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Art Garcia

Kurt Rambis' coaching experience in a winning system like the Lakers should benefit the Timberwolves.
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Rambis embraces patient approach to rebuilding Wolves

By Art Garcia,
Posted Aug 12 2009 8:07AM

Kurt Rambis doesn't expect the rebuilding job to go faster than a speeding bullet. The Timberwolves mild-mannered new coach isn't discarding his glasses or ripping open his shirt to save a franchise in distress.

Instead, a step-by-step approach is the order of the day in brining winning basketball back to the Twin Cities. One man can't do it alone. Not even Superman.

"You have to have talent to win," Rambis said after his introduction Tuesday afternoon. "You can't get around it."

The Wolves don't have much right now. The roster is in the process of massive turnover under Wolves president David Kahn, who's wasted little time jettisoning many of the players selected by ousted coach/former general manager Kevin McHale.

Power forward Al Jefferson is a holdover and definite building block, but he's coming off knee surgery. Fellow big man Kevin Love had a solid rookie year with 29 double-doubles. Kahn bucked convention by drafting two point guards back-to-back -- Ricky Rubio and Jonny Flynn -- in the top six. Rambis referred to 26-year-old small forward Ryan Gomes as the "elder statesman" of the young nucleus.

Other than plenty of cap room, that's about it. Rambis is keeping on open mind on the roster going forward, but admitted he projects Rubio as the eventual starter over Flynn. Though there's been little progress in the Spaniard's buyout negotiations, Rambis stressed Rubio's willingness to come this season if possible.

A love of point guards and an up-tempo offense preceded Rambis' run with Magic Johnson and the Showtime Lakers. Rambis made the point by harkening back to his days of yore, bringing up the flashiness of his playmaking teammate Eddie from elementary school.

But if the Wolves are going to run, they have to defend. Minnesota was in the bottom third in a number of defensive categories last season, including points allowed and field-goal percentage. Rambis made it clear that player development, not the team's record, is his top priority.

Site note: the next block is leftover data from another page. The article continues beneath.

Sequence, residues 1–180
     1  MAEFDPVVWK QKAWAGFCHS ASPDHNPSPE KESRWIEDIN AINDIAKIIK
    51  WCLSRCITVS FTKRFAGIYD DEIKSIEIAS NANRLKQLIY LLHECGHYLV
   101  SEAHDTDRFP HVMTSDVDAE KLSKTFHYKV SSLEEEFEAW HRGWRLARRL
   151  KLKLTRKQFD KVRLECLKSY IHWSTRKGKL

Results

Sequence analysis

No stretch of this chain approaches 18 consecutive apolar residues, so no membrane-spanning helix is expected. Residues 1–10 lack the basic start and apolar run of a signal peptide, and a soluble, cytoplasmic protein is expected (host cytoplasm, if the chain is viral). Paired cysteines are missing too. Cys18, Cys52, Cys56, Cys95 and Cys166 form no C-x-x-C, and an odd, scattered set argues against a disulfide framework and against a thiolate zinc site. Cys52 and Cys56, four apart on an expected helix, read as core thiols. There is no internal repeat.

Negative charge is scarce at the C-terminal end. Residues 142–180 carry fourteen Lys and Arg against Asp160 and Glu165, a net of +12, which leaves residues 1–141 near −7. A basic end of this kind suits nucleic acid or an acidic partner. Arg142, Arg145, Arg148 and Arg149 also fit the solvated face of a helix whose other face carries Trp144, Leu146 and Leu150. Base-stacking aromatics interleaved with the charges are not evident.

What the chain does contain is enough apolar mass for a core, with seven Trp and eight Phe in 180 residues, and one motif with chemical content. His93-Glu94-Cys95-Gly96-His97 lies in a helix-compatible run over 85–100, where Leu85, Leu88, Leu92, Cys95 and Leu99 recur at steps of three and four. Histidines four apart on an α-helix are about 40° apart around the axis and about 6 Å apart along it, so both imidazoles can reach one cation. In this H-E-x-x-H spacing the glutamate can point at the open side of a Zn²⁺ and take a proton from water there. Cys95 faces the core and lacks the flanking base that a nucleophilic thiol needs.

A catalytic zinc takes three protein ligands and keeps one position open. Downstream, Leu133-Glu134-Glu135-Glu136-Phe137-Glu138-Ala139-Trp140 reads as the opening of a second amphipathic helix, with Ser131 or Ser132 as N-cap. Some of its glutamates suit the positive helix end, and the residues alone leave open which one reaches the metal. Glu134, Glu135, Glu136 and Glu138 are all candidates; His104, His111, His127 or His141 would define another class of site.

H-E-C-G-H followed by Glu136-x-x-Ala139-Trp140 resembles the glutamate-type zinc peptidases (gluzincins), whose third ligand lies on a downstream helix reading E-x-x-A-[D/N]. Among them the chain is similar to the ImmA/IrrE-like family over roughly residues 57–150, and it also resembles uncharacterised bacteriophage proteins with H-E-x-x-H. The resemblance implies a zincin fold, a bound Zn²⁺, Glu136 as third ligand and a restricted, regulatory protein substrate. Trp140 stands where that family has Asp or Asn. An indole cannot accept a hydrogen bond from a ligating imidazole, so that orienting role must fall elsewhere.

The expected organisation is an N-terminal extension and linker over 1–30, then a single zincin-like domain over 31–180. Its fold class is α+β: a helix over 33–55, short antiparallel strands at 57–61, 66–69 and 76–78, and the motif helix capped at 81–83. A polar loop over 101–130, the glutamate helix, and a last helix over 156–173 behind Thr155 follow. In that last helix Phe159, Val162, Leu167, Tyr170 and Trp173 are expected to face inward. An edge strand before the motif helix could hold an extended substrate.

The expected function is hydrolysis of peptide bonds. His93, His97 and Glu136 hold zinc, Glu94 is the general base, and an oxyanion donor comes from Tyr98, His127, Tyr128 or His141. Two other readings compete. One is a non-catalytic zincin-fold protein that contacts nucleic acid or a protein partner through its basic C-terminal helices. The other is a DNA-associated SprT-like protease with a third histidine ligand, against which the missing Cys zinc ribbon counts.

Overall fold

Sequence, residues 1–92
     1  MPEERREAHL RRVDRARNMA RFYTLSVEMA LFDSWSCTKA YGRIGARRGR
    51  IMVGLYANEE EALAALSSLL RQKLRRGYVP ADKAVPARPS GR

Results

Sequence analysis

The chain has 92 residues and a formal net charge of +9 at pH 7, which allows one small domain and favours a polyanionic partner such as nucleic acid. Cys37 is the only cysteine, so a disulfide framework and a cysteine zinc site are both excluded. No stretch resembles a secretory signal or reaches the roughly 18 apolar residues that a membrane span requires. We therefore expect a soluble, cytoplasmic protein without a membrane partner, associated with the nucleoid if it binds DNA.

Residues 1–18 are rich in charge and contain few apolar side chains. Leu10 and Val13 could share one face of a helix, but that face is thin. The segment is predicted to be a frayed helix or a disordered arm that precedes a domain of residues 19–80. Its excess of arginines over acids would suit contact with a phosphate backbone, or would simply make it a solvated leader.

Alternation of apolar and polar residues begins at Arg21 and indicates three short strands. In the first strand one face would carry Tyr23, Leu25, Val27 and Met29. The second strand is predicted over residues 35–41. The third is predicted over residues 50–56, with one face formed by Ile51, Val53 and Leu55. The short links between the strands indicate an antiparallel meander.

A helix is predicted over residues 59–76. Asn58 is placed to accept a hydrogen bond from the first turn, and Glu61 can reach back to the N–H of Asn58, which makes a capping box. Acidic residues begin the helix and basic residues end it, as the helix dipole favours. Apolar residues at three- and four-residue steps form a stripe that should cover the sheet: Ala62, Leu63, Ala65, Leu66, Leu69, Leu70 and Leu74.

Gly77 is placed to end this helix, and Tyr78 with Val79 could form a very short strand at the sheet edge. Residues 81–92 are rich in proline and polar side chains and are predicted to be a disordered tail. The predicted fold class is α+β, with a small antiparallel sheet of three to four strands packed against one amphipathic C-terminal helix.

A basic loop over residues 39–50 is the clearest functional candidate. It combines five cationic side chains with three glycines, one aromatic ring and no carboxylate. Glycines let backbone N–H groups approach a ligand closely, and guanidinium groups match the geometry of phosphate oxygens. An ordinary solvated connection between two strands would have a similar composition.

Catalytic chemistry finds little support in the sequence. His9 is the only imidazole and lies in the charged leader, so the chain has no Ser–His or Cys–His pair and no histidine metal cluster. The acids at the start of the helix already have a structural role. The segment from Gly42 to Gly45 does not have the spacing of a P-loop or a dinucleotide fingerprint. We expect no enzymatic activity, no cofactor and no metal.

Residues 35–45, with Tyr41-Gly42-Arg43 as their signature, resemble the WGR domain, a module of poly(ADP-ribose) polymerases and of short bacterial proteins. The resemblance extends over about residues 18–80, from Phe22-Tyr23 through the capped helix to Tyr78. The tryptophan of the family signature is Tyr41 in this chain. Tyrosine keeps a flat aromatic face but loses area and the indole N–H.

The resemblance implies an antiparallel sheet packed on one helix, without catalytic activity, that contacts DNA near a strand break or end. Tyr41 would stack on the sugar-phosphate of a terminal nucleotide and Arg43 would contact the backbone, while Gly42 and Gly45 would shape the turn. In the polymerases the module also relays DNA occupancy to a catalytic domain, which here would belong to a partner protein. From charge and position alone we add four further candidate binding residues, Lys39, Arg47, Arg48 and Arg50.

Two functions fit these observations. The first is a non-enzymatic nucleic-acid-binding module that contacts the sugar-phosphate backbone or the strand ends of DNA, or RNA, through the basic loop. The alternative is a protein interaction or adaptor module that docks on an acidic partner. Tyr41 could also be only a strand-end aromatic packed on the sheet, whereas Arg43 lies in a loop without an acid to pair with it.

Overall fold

"One of the greatest ways, if not the greatest way, for players to learn how to play is to play," he said. "We might sacrifice wins in the early stages of our development because we have a long-range goal. The faster and quicker the players learn how to play in this league and get in tune with the individuals they will be matched up for and against in this league, the better off we're going to be in the future."

Kahn found his man after an exhaustive search of nearly two months by dipping into the franchise that once called Minnesota home. Chosen from a trio of finalists to replace McHale, Rambis left the Lakers after a long association that included stints as a beloved player, front office executive, interim coach and assistant.

Despite the wattage of A-listers that have worn Purple & Gold throughout the years, Rambis was a true Laker. Supporting actors don't come more respected than this native of Cupertino, Calif.

"Kurt is one of the hardest-working and brightest assistant coaches we've ever had, and I expect he will be very successful with the Timberwolves," Lakers owner Jerry Buss said. "Kurt has been a key figure in the success of the Lakers for nearly three decades."

Lakers coach Phil Jackson noted the loss to his staff, calling Rambis a "workhorse." Rambis has been a part of eight championships in Los Angeles going back to 1982 and culminating in June.

"He's worked with the youth of our team, coming in early and staying late, to help players develop," Jackson said. "Last season he took on the responsibility as the defensive coordinator, a valuable part of our championship run. We will miss him, but know this is his time to do what he's destined to do."

Once thought of as the logical successor to Jackson -- Rambis acknowledged as much -- the 51-year-old former muck-it-up forward who sported Clark Kent-style glasses during his playing days felt it time to move on. There were no guarantees that Rambis would get the Lakers job once Jackson stepped down, and Rambis added Tuesday that he could picture the Zen Master coaching beyond this season.

So instead of waiting on less than a sure thing, Rambis made himself available this summer. He interviewed with both Sacramento and Washington before landing his first full-time head coaching gig. (Rambis served as interim coach of the Lakers in 1999.)

"This is an opportunity right now," Rambis said. "There's only 30 NBA head coaching jobs in the world and this opportunity came up. [Wolves owner Glen Taylor] and Dave were willing to give me a contract that would give me time to help build a team and that's rare in today's climate."

The deal reportedly is four years for at least $8 million. While that appears to be ample security, there have been several cases in the last few years of coaches fired before the ink on their contract is dry. Terry Porter had less than a season in Phoenix. Michael Curry was canned after his first year in Detroit. Dwane Casey was given less than two years with the Wolves.

Rambis was undeterred.

"I love the development aspect of coaching," he said. "And I envision this team reaching a high level of play and I enjoy challenges. When I saw this opportunity and weighed all the pros and cons, it was too good of an opportunity to turn down. The con being I had to buy some big winter coats because I have none."

A big red cape just isn't enough.

If you have a question or comment for Art Garcia, send him an email.

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